By DANIEL ASIDO
MANILA – As a son of a Martial Law survivor and political prisoner, Ron De Vera said that her mother’s re-arrest last month reflects a problematic system that continues to plague the country.
“This is not just about my mother [or any other] person. This is about an oppressive system. [Even] if my mother manages to be free, there are still more than 800 political detainees she will leave behind bars, and the number may keep on increasing unless we can break the system that oppresses us,” De Vera said during the screening of the film “Beyond the Walls of Prison” on September 10.
In the film, De Vera had several cameos as his mother was among the thousands arrested during the Marcos Sr. dictatorship. Her account of torture and rape from the hands of her military captors would later serve as a basis for the filing of the Hawaii lawsuit against the Marcoses.
Last month, the 66-year-old Adora Faye was arrested again in Quezon City, this time accused of multiple murders. Human rights groups stressed that these are trumped-up cases.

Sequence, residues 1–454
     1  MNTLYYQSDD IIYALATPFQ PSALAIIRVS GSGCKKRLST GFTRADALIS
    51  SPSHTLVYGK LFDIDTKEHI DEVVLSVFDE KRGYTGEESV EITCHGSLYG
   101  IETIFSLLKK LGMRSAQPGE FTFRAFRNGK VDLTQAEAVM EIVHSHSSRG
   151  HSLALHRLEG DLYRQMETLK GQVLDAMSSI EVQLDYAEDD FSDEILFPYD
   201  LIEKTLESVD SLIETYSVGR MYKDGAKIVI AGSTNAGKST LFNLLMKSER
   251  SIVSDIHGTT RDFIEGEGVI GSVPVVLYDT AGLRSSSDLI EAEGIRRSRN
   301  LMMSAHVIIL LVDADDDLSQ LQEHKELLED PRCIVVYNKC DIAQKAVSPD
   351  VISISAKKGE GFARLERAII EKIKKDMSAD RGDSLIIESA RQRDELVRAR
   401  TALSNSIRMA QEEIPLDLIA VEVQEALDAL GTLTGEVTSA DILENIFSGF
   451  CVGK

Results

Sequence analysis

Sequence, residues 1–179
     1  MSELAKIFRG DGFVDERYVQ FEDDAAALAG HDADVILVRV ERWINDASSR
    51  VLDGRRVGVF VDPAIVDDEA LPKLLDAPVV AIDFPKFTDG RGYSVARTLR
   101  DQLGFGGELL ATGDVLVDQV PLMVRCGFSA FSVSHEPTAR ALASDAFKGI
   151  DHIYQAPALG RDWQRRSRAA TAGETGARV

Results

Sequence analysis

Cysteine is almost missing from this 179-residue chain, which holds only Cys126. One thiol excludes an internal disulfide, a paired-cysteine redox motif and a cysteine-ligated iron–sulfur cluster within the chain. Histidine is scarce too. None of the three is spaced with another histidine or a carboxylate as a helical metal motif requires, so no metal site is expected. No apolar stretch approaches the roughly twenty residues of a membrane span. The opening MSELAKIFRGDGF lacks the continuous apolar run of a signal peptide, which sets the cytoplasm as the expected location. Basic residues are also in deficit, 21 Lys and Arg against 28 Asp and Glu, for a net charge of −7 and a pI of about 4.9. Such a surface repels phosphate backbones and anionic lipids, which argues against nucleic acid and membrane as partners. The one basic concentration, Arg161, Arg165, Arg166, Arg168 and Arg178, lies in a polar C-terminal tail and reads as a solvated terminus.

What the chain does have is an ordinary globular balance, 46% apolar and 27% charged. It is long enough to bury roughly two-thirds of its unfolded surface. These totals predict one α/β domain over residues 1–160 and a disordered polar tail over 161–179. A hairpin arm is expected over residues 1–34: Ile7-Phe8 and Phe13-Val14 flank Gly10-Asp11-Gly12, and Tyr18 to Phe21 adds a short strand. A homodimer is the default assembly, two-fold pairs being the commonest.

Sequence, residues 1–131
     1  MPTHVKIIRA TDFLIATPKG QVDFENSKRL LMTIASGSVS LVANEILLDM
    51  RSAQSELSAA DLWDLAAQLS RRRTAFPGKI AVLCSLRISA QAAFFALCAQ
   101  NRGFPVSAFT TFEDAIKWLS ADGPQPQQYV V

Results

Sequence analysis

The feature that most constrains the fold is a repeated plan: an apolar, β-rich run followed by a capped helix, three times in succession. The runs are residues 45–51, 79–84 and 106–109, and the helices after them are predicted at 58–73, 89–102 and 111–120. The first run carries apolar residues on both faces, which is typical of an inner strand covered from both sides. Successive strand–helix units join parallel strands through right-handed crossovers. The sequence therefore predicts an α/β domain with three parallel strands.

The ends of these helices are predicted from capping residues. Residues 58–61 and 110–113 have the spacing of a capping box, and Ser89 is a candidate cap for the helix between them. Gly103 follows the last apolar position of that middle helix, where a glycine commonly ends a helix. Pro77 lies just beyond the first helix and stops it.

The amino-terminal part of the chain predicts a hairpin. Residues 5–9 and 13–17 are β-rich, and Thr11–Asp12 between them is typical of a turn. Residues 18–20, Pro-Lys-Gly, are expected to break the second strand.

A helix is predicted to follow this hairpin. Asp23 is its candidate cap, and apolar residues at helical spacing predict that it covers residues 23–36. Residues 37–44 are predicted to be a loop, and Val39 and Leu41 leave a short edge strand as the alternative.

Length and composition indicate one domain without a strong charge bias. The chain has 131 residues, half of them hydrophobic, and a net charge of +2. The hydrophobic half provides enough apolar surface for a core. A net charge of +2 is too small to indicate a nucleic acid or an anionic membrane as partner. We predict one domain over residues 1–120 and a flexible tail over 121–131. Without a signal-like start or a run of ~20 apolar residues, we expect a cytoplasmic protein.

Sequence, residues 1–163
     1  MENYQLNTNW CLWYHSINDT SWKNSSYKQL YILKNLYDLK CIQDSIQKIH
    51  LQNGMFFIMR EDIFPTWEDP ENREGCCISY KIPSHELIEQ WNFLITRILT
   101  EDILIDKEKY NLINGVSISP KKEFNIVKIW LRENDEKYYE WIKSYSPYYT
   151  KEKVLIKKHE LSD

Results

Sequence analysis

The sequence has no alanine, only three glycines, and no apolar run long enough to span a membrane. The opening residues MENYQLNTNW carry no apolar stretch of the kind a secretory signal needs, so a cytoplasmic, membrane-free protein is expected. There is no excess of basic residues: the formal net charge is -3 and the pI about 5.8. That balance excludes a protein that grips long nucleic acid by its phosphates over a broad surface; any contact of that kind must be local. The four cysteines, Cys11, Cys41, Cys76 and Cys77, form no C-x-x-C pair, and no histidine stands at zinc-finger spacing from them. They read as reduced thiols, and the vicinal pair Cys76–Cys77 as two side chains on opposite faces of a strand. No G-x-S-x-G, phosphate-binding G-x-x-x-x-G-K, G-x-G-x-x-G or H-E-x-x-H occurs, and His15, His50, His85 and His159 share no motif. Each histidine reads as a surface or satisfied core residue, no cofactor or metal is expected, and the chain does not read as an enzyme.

“It has only been three months since the son of the dictator sat in power, and my mother is already back behind bars. Nothing has changed,” De Vera said. He was about four years old when Adora Faye was arrested during the Marcos Sr. dictatorship.
De Vera said that her ailing mother is not the first elderly prominent activist arrested at home and tagged as a high-ranking leader of the Communist Party of the Philippines and its armed wing the New People’s Army. Shortly after Adora’s arrest, another ailing activist was arrested in Mindanao.
Adora is facing non-bailable charges with a P2.5 million ($44,500) bounty placed by the Department of Defense (DoD) and Department of Interior and Local Government (DILG). (JJE, DAA)